I am, and have always been, Pro-Joyce!

Here is an amazing example:

Tuesday, March 15, 2022

Philippe Jaroussky, I still love you. But....

I have always loved countertenors. I don't know why (and I don't especially want to hear anyone else's theories on the matter), but there it is. I love the repertoire, I love the sound, I love the technique. Surely it is not unrelated to my being a hard-core Anglophile.

A few years ago I was sent a CD by the amazing Jakub Józef Orliński to review. My life was in turmoil at the time, so it never happened, although I do recall that listening to this recording gave me great joy. For some reason, I now find lots and lots of this gorgeous young man's YouTube videos recommended to me by the Almighty Google Algorithm. I don't mind. Just listen to this!

Could there be anything better?

I have since found many amazing recordings, and I must say the fact that he's so easy on the eyes does not hurt his case. Observe:

But you know what's even better? He's young and dynamic is and is drawing more young people into the concert hall and opera house. Even if his singing sucked, which it certainly doesn't, I would say Bravo! for that kind of success.

I probably no longer have the CD I was sent several years ago, but I can say this: I have never heard a recording of this man's singing that did not leave me with delight at both the sound and the artistry. I can only recommend that you seek his recordings and videos and witness for yourselves. 

Thursday, March 3, 2022

A brief consideration of opera costumes and updating

I posted the following as a comment to a YouTube video about historical costume accuracy in movies, television, and theatre:

From Maria Stuarda at the Met
The costumes were highly praised,
but the confrontation scene only
happened in the novel. 

This was fascinating. You make me think of all the inaccurate opera productions--at every budget level--I have seen. A very low-budget organization can be forgiven for using what they have in their costume shop rather than going to the expense of making or renting a more accurate costume.  But really? Donna Elvira (Don Giovanni, late 18th century) dressed like Lady Bracknell (The Importance of Being Earnest, 1900)?  

Another questionable practice in the opera world is updating the historical era of the story, when in so many cases the relationships in the story only work in the original time period of the story. OK, Parsifal in a post-apocalyptic world can work because the story is sort of timeless. The Marriage of Figaro in Trump Tower--the infamous Peter Sellars production from the 1980s--or Elixir of Love that looks like the movie Baghdad Cafe? Although I have seen it work, more often than not the incorrect detail of the less remote historical period they have chosen (no, not every opera works with Jackie  O. fashions!) over the historical period in the original story is more distracting than clarifying. True, the original libretti and/or the literary works they were based on are often very inaccurate in portrayals of historical period or events, but this just adds insult to injury.

Your thoughts? 

Sunday, February 13, 2022

In praise of Florence Quivar

Whoa!  Two posts in the same month?  What is happening to me?  Am I getting motivated again?

I recently gifted a friend with a copy of this recording, only to later find the entire thing is on YouTube.  (Shhh! Don't tell them!)

But then I kept finding more and more links to amazing performances like this one:

And this one:

I first heard of this amazing singer when she was part of a recording of Porgy and Bess I had acquired. But her singing legacy goes far beyond that opera.  According to Wikipedia, that paragon of accurate sources of information, "Florence Quivar an American operatic mezzo-soprano who is considered to be "one of the most prominent singers of her generation." She has variously been described as having a "rich, earthy sound and communicative presence" and as "a distinguished singer, with a warm, rich voice and a dignified performing presence." From 1977-1997 she was a regular performer at the Metropolitan Opera, where she gave more than 100 performances.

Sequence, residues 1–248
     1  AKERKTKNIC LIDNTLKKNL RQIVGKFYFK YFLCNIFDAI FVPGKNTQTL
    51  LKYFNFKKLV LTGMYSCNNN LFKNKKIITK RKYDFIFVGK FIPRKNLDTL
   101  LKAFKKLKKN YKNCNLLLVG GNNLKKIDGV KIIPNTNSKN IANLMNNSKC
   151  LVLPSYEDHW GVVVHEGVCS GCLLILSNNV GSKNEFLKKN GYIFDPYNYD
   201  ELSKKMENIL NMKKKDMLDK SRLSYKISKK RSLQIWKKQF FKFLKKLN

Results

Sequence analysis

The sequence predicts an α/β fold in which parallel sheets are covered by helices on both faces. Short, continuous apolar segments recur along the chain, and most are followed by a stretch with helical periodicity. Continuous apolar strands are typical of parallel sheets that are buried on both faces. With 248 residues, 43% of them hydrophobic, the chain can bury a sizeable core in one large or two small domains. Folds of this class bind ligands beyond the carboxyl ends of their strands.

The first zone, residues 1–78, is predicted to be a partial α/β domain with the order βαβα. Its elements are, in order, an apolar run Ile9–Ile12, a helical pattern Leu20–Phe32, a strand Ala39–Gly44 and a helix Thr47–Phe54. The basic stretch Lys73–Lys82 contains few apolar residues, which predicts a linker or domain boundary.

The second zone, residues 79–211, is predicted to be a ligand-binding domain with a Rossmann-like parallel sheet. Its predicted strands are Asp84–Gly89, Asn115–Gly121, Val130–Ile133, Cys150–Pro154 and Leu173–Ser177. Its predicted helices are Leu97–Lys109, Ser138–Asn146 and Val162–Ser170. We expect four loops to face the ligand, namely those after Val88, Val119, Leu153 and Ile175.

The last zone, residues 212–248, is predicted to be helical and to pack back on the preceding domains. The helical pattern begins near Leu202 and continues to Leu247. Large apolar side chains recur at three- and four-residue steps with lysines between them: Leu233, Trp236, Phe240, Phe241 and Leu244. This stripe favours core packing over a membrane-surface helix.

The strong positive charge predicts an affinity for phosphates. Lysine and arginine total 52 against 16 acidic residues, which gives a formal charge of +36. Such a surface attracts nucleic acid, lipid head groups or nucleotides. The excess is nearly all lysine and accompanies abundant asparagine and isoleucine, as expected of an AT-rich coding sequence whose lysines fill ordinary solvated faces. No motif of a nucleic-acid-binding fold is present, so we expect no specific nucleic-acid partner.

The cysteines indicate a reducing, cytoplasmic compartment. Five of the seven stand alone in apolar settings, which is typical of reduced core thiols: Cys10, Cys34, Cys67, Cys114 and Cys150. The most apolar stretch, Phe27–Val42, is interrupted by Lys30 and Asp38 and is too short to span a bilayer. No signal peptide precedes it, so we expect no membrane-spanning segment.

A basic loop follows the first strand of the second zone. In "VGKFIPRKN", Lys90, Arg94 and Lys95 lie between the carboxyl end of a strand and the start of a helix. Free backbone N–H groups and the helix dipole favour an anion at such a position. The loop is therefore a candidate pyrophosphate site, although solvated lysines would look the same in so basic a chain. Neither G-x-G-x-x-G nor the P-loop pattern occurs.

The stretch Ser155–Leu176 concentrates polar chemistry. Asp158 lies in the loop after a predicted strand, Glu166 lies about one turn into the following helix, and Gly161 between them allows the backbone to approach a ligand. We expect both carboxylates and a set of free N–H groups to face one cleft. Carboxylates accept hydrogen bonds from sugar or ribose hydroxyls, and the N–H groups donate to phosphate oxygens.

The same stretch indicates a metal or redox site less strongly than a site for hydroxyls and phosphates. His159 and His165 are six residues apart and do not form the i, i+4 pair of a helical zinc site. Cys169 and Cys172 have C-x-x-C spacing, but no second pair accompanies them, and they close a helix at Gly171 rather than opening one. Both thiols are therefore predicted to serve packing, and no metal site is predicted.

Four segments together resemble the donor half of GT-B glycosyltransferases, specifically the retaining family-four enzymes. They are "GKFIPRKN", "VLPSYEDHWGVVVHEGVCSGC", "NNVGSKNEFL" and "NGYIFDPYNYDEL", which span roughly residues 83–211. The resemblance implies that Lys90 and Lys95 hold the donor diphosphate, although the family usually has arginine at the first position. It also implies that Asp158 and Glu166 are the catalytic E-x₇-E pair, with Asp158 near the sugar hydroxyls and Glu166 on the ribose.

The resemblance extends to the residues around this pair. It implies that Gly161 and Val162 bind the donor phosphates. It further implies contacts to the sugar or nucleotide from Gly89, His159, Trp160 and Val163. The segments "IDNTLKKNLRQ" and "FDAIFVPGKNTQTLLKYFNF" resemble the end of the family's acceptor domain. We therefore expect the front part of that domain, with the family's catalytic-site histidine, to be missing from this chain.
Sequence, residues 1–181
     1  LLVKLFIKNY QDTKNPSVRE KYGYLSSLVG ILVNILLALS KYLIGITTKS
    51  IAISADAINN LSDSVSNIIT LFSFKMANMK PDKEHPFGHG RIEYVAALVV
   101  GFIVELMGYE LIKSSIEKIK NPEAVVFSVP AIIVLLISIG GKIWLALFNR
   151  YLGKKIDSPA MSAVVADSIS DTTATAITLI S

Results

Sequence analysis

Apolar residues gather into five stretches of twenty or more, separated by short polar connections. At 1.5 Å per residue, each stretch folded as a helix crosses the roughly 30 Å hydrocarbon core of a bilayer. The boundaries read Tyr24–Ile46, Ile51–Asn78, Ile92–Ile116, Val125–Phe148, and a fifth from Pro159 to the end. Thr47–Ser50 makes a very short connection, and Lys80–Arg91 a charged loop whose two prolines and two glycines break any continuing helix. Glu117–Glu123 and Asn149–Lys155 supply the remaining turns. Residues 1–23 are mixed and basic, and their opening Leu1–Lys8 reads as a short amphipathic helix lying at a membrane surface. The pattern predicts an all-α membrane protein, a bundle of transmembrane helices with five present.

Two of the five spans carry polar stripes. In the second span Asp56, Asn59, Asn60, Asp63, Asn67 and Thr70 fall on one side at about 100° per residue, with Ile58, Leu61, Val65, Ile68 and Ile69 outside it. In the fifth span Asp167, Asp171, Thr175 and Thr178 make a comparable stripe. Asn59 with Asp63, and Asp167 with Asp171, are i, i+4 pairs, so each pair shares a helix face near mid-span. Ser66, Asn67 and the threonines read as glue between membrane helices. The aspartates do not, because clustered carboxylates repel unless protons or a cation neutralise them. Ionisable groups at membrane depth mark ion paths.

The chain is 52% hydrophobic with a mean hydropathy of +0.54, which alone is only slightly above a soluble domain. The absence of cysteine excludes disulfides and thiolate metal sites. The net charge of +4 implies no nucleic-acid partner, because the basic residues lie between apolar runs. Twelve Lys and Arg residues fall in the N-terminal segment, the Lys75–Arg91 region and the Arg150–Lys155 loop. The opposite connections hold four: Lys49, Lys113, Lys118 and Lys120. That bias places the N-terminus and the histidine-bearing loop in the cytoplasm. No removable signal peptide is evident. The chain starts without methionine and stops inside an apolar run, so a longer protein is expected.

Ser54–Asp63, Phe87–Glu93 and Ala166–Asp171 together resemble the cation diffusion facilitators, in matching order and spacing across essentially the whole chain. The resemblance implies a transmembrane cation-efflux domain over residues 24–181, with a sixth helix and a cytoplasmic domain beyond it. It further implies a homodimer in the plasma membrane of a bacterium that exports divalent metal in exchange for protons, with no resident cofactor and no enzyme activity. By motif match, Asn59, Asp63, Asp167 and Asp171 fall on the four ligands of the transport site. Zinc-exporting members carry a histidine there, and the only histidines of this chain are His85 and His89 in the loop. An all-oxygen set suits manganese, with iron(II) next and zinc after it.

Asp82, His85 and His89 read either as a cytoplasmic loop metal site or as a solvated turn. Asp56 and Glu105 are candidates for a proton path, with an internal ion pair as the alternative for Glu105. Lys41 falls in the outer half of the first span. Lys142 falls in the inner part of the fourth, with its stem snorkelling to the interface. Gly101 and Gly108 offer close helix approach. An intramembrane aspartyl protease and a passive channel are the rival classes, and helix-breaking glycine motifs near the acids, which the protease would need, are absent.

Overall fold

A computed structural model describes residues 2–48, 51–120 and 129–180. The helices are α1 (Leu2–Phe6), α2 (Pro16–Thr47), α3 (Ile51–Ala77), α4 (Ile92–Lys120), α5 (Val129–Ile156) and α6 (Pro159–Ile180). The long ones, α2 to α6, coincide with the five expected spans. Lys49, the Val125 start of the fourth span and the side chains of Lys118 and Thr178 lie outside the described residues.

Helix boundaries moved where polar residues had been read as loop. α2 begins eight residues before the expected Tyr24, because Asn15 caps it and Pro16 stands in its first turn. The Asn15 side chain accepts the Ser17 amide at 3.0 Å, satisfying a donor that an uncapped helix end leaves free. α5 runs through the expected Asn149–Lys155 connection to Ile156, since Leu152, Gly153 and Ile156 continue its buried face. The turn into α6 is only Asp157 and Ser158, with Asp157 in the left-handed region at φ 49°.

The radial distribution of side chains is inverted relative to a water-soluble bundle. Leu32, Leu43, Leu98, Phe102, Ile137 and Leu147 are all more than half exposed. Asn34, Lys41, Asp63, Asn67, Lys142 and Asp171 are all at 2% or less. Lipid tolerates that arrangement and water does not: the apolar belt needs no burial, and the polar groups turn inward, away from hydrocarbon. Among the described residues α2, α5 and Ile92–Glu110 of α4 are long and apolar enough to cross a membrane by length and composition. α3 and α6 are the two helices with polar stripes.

I think she's marvelous. What do you think?

Saturday, February 12, 2022

Lead with your strong suit

I recently saw two quite lovely recitals presented by a regional concert opera organization. I intend to speak about concepts here and not individuals, so I will name no one.

My title comes from a popular strategy in many card games--lead with your long suit.  Bridge, hearts, even spades--it's the same. Another card-game metaphor is very useful as well--a card laid is a card played. You can't take it back.

I mention two recitals. Both were quite lovely. For one of the recitals a highly skilled young gentleman sang a themed program based around his experience as a church musician and churchman. The selections were appropriate, and the performances were really quite nice. 

For another of the recitals, a young African-American opera singer presented arias and songs often associated, sometimes exclusively associated, with African-American singers we admire. I do not wish to be harsh, but without changing the selections, I would have ordered them differently. Some of the songs were by African American woman composers Undine Smith Moore and Justine Bonds. To my mind, these were the best part of the recital. There were other songs that showed the singer's gift with song. I would have preferred to have the operatic arias as encores to a regular program than as the first selections. I don't mean to suggest she performed these pieces badly, but merely that if they had been at the end of the program, an emotional connection between singer and audience would have been much more firmly established. (There is a chance that the heightened connection and the attention paid to the program up to that point would have had the singer in a heightened vocal state that might have delivered the arias even more effectively.)

I don't have the qualifications to offer advice, but if I had, these have been some of the suggestions I might use. Both of these singers are fine young singers. They are working singers, while I never was. But I have lived a much longer life than they have, and have spent a substantial amount of time in the auditorium and behind the table. 

I want to hear both of these singers again. I think they are both very good. 

Just one more thing, and this is just a personal opinion, so take it with a grain of salt. There is never, ever, EVAR! a reason to sing "Climb Ev'ry Mountain" on a recital.